Better Patient Care Within a Balanced Organization

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Anna: Welcome Andrew Martin, CEO of Serene Recovery Network, which includes Serene Directory, Serene Connections, Serene Foundation, and Serene Scene Magazine.

Andrew: Thank you.

Anna: Today we are talking about better patient care within a balanced organization. What is a balanced organization?

Andrew: to put it simply, a balanced organization is one in which all business operations function in concert with one another. For example, in a treatment agency you would find business aspects pertaining to the client/patient, which would include the clinical/medical supervision component. Another aspect would include the services/treatment facet of the operation. The sales/enrollment/retention of clients/patients is yet another part of business operations. There are also the operational aspects including accounting, utilization review, food services, purchasing, facilities, etc. and all of these various business aspects are held together by employees/contractors and shareholders/stakeholders which may also include some level of community involvement.
Anna: Can you elaborate on each of the business aspects you have outlined?
Andrew: I would be happy to. Let’s take one at a time beginning with the client/patient aspect of business operation. Addiction treatment agencies are designed to help individuals afflicted with addiction to find wellness and fulfilling lives without the use of drugs, alcohol, and other impulse related disorders. In order to accomplish this, the agency must be client focused and provide a multitude of therapeutic interventions from which they can select the most appropriate for each individual client/patient. This sounds simple enough, but this task is daunting. Not only must the agency find individuals that can implement relevant therapeutic interventions, they must also select the most appropriate treatment modality and package its services in such a way that the client/patient will feel safe to engage and change.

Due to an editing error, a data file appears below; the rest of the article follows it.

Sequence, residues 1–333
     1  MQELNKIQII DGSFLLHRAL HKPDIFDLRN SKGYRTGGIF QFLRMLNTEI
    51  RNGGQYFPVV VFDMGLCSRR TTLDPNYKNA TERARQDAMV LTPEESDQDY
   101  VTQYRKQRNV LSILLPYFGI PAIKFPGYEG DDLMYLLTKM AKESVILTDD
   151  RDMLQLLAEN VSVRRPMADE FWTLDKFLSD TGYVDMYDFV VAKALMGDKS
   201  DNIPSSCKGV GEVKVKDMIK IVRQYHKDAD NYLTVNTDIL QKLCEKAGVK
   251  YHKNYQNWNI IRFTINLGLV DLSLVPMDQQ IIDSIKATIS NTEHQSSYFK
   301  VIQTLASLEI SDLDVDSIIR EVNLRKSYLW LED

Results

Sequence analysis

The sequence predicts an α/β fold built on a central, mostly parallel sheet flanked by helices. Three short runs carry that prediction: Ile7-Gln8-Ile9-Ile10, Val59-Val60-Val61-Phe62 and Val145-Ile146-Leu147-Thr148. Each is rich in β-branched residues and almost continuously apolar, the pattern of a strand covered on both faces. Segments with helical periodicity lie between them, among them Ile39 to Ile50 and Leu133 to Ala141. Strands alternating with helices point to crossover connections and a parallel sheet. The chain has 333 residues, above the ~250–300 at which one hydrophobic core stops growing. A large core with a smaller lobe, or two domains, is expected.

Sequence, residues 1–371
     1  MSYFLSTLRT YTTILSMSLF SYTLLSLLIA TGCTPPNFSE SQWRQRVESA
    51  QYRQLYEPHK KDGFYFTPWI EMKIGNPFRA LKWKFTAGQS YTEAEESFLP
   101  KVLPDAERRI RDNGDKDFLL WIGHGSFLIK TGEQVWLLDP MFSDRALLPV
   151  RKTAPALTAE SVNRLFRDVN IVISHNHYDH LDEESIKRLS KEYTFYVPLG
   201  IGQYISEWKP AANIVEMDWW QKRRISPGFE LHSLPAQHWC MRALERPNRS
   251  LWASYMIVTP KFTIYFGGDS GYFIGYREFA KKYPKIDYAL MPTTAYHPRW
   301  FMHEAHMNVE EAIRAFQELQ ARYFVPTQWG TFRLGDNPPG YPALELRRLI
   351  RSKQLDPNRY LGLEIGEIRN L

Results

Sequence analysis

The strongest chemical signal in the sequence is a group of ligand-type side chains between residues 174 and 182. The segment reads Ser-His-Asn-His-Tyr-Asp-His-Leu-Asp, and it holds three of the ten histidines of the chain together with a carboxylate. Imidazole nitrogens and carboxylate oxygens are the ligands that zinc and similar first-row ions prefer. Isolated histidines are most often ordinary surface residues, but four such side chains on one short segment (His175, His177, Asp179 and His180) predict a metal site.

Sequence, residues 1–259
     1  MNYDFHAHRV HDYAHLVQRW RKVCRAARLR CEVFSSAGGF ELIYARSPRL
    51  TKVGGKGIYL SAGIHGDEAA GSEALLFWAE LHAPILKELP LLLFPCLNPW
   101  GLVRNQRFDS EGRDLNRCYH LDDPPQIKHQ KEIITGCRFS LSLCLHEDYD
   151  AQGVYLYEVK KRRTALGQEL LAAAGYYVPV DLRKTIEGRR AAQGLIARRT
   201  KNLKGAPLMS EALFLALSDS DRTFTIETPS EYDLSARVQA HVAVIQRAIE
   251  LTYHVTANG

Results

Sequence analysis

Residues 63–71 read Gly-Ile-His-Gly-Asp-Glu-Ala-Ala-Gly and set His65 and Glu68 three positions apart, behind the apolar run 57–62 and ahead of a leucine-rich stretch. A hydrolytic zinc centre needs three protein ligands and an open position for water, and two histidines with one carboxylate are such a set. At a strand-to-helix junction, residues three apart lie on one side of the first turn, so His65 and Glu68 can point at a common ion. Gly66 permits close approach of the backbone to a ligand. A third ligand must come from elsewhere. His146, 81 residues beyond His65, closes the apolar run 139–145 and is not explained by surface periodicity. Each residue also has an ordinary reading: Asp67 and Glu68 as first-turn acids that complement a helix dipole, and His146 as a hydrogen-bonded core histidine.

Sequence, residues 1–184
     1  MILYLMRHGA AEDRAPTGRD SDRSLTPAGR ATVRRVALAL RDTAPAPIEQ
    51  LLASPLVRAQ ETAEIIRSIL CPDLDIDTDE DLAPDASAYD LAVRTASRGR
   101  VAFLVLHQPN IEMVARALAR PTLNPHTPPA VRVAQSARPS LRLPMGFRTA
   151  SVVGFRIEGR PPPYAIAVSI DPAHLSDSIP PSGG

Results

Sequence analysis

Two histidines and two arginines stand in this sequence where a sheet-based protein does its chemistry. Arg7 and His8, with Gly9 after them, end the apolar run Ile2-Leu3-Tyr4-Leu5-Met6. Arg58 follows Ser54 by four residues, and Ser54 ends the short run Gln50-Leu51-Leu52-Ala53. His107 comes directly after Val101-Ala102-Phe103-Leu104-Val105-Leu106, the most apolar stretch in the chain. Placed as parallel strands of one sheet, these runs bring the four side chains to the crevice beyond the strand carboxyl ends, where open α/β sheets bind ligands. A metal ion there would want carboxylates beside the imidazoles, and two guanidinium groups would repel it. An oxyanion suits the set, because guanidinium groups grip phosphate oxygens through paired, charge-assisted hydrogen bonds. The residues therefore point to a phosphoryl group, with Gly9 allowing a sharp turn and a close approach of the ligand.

Considering the transient nature of the clients/patients that enter a treatment facility, the population of the agency will be inconsistent at best which requires a great deal of attention by the agency’s program director. There must be a clinical/medical supervision component to the management of the client/patient relationship. Usually this would involve clinical supervision of the clinicians that are working with the client/patient on a daily basis. Sometimes an agency may incorporate the feedback system in which the client/patient provides direct input through a survey or an interview process.

This leads me to the next aspect of business operations that must be addressed in a balanced organization; that being the services/treatment offered by the agency. All addiction treatment agencies are structured differently, some may have a multitude and vast selection of services offered, while others may have a tried-and-true treatment regimen. Regardless of the methodology used within the treatment agency the balanced organization must have a process in place which identifies and measures critical performance areas pertaining to client/patient outcomes. This process will help the agency identify where necessary changes should be implemented within the services/treatment provided to the clients/patients.

It is possible to have a world-class service/treatment offering yet still have poor client/patient treatment outcomes. This is because the agency is focused on the services and treatments and has lost sight of the client/patient needs. In a balanced organization there is a system in place to connect the two aspects of business together.